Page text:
Danon told reporters he believes "we will get a majority" of the votes, with at least 50 countries currently expected to vote in favor of the US draft resolution.
The 193-member General Assembly is scheduled to vote on the draft Thursday afternoon.
The draft resolution "demands that Hamas and other militant actors, including Palestinian Islamic Jihad, cease activity, including by using airborne incendiary devices."
In addition, the resolution seeks to condemn the Palestinian factions in Gaza for using civilian infrastructure for military purposes and for violating human rights. It also calls on Hamas to stop violent attacks against humanitarian aid workers and medical staff.
The draft further urges the terror group to go back to the negotiating table to restart the intra-Palestinian reconciliation process—which might have contributed to the decision of the Arab states to vote in favor of the draft.
It was amended to gain support of the 28-member European Union—as well as some countries from Eastern Europe, the Pacific islands and African states—adding a reference to "relevant UN resolutions," though not specific ones.
Arab states are also expected to back the US draft despite efforts by Hamas leader Ismail Haniyeh to torpedo the move by appealing to Iranian Foreign Minister Mohammad Javad Zarif, who promised to enlist the help of the Arab UN member states to stop the resolution.
The Palestinian Authority (PA) is also expected to join forces with the terror group and vote against the resolution.
"Hamas is a Palestinian political party and can not be defined as a terrorist organization," said the Secretary General of the Palestinian Liberation Organization (PLO), Saeb Erekat.
US envoy to the Middle East Jason Greenblatt condemned the PA for its decision to back Hamas, calling it “beyond absurd.”
"The Palestinian Authority, which hates Hamas, has cut payments to Gaza for months, increasing the suffering of Palestinians in Gaza, now tries to defend Hamas and terrorism by undermining a condemnation of Hamas at the UN. It’s time to speak the truth," stressed Greenblatt on his Twitter account.
Nevertheless, Kuwait's UN Ambassador Mansour Al-Otaibi said Arab nations will seek to have the resolution approved by a two-thirds majority rather than a simple majority.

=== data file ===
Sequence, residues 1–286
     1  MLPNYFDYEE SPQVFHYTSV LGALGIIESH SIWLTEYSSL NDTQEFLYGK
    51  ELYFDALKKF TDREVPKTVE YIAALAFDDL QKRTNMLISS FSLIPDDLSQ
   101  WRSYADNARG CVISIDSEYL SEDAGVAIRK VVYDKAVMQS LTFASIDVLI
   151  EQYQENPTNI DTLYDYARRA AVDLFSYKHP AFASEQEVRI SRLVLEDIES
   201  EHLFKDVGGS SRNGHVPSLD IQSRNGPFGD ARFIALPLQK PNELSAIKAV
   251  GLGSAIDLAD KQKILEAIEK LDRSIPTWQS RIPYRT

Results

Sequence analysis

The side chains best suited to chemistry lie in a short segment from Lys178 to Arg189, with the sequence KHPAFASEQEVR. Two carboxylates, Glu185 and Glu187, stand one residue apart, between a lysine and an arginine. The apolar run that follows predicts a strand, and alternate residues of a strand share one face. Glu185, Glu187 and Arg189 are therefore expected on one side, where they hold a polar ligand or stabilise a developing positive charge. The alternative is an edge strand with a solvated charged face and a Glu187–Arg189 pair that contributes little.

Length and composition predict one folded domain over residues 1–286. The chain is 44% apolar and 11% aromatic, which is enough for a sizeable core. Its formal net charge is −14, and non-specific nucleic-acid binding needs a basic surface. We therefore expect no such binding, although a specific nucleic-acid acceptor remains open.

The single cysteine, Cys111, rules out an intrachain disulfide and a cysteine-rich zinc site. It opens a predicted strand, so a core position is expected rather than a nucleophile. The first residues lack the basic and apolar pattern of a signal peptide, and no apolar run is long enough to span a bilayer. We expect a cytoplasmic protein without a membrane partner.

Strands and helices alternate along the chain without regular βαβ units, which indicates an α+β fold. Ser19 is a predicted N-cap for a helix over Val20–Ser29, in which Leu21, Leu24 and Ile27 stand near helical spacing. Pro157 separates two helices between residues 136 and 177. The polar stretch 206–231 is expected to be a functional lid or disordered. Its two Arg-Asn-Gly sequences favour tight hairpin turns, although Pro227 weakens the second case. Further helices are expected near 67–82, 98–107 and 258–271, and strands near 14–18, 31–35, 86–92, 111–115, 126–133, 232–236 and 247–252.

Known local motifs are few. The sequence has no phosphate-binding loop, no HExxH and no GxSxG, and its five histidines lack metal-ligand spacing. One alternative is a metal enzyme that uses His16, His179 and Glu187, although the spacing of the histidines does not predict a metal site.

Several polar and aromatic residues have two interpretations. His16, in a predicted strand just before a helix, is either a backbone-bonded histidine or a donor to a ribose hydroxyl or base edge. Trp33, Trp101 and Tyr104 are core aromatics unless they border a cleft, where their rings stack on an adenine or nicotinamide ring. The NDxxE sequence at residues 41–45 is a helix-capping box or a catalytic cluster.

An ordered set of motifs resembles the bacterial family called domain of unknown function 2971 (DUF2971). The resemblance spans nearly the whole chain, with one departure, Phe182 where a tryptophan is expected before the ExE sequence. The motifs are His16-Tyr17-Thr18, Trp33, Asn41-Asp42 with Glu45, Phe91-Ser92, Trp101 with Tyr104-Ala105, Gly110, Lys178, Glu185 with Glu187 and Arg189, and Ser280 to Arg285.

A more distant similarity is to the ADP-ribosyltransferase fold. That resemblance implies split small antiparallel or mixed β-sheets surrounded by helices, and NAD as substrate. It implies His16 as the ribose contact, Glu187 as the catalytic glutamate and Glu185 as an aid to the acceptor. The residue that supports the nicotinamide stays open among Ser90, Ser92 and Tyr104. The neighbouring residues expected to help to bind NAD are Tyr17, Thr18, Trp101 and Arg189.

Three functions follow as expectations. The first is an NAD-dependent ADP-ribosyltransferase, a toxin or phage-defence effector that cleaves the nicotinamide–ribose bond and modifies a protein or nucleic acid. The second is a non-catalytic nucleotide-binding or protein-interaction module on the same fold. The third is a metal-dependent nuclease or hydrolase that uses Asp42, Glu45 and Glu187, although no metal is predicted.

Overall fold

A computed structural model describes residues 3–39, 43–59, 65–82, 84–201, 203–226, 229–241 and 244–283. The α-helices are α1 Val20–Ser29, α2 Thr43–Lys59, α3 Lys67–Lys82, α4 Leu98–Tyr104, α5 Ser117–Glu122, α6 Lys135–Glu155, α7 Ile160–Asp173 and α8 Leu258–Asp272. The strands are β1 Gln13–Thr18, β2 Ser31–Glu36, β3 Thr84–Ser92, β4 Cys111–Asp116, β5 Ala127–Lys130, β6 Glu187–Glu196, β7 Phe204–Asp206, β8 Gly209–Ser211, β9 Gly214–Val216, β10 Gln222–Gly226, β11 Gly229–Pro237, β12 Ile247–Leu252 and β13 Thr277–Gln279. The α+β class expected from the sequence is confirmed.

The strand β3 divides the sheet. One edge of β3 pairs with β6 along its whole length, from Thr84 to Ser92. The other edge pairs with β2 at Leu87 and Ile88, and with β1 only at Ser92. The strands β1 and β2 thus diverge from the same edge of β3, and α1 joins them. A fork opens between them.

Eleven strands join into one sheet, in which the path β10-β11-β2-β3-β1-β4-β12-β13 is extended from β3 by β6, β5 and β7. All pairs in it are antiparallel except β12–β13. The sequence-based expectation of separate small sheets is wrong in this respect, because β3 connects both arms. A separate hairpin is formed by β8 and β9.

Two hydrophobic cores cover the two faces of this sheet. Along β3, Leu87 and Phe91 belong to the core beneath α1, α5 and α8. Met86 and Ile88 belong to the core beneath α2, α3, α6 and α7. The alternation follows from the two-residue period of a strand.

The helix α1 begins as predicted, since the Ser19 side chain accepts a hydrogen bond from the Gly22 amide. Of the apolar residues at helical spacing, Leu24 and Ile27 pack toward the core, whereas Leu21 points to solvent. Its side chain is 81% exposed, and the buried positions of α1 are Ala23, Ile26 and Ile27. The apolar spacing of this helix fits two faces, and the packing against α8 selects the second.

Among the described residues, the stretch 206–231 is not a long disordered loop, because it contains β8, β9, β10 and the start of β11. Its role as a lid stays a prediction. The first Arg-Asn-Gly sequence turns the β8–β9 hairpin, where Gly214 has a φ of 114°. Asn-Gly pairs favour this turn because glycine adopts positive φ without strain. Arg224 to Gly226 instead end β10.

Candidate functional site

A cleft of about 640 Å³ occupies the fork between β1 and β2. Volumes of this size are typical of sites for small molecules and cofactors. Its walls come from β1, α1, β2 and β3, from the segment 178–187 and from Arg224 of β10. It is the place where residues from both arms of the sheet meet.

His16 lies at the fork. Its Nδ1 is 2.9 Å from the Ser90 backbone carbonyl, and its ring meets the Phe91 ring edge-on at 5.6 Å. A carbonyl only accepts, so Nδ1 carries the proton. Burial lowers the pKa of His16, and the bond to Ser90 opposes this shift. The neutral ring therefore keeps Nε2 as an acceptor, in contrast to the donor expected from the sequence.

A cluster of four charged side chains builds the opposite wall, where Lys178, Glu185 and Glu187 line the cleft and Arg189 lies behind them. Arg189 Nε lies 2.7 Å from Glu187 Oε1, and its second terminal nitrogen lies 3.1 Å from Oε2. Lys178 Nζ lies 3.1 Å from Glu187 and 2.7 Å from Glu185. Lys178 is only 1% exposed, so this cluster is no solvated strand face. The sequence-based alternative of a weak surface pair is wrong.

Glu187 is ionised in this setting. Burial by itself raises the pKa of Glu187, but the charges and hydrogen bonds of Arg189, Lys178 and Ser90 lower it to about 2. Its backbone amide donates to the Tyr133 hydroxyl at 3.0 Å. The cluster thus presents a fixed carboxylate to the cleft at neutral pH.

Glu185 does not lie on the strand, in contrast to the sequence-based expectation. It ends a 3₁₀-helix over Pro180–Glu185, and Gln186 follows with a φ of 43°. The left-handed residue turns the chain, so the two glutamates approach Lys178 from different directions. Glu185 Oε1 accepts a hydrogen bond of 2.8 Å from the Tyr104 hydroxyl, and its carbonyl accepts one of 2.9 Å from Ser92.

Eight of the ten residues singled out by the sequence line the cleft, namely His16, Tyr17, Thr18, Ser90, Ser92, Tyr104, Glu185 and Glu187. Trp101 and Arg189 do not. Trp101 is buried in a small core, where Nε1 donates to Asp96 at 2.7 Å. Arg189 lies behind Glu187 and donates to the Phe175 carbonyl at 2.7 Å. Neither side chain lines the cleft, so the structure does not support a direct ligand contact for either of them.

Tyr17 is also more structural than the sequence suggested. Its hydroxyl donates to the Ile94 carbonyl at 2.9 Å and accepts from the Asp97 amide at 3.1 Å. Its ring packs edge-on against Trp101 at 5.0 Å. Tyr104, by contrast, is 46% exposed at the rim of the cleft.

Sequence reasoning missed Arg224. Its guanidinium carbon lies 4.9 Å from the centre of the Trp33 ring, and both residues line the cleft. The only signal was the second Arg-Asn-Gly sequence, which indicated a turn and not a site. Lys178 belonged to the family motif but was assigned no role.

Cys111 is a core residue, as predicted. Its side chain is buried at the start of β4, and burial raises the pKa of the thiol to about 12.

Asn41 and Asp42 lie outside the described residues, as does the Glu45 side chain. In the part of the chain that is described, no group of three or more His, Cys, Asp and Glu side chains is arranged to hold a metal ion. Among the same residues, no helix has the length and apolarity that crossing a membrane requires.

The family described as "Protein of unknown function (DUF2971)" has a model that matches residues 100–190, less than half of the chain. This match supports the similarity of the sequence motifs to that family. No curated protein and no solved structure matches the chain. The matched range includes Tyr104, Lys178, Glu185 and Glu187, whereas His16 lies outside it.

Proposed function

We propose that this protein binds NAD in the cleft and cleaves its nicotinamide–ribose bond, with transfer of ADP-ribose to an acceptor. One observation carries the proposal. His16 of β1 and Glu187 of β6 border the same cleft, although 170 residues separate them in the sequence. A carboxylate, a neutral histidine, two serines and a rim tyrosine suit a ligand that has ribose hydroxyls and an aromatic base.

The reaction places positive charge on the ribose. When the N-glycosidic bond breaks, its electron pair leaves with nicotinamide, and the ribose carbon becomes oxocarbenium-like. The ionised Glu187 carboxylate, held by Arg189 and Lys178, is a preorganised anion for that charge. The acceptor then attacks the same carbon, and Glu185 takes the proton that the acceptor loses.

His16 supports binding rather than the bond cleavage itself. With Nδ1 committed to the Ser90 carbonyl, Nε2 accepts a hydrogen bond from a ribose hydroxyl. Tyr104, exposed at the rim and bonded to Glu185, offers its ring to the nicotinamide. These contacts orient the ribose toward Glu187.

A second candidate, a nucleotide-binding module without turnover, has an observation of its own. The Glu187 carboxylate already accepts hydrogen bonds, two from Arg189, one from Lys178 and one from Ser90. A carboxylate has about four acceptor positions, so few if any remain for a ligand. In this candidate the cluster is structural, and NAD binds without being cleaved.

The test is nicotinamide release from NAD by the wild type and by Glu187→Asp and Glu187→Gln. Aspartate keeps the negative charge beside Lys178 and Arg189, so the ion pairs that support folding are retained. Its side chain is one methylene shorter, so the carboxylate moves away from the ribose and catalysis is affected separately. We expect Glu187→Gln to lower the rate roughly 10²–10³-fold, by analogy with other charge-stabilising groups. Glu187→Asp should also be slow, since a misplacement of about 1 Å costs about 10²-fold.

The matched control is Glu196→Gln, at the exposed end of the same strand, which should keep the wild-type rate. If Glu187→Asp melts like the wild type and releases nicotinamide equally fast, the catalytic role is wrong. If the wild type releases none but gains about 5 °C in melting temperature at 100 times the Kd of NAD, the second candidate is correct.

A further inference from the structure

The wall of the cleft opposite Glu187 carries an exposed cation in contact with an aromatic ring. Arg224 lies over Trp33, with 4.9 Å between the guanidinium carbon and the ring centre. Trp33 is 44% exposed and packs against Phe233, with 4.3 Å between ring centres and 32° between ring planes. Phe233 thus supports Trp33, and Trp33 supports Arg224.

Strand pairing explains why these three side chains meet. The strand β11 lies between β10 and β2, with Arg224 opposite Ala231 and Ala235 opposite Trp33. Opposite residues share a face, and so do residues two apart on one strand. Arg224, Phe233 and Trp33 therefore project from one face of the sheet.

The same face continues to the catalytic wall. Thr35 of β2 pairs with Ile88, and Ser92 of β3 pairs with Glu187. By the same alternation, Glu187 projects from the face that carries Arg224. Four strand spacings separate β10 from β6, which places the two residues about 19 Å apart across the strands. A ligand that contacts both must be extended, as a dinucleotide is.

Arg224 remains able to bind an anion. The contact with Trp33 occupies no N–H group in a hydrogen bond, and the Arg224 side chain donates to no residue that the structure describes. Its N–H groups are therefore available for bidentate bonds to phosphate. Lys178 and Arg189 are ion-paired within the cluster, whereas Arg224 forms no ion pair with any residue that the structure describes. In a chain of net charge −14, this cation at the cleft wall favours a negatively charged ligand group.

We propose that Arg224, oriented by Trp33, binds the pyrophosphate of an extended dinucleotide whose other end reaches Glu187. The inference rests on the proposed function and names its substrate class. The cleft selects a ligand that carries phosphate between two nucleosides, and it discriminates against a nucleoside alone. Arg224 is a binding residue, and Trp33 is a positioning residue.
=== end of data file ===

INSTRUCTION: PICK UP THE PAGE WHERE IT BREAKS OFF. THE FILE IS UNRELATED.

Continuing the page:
However, the Hamas vote is “just a fig leaf” in the context of an overwhelming amount of anti-Israel resolutions, Professor Eytan Gilboa, a senior research associate at the Begin-Sadat Center for Strategic Studies, told the Media Line.
Arab states, he explained, “would only vote for it because they also hate Hamas," but "even if this resolution passes, it doesn’t mean much because General Assembly resolutions (as opposed to Security Council resolutions) are just recommendations. Yet the disparity between anti-Israeli resolutions and those benefiting Israel’s security, clearly show an imbalance when it comes to the Middle East peace process.”
“It’s important to pass this resolution in view of the last eight months of violent Hamas-sponsored protests along the Israel-Gaza border,” he continued, “but it’s just a drop in the bucket in terms of adopting reasonable resolutions that are not one-sided.”
Beyond such disparities on Israel, some experts have pointed to problems in how the voting at the UN is structured.
“The United Nations, at least in the General Assembly, has a structure based on full equality between nations,” Einat Wilf, a former member of Knesset, explained to The Media Line.
“Therefore, dictatorships have the same rights in the assembly as advanced liberal democracies, and since the UN enjoys an image of general respectability, few are aware of the wide gulf between what the UN stands for and what it actually does,” she concluded.
Victor Cabrera from The Media Line contributed to this report.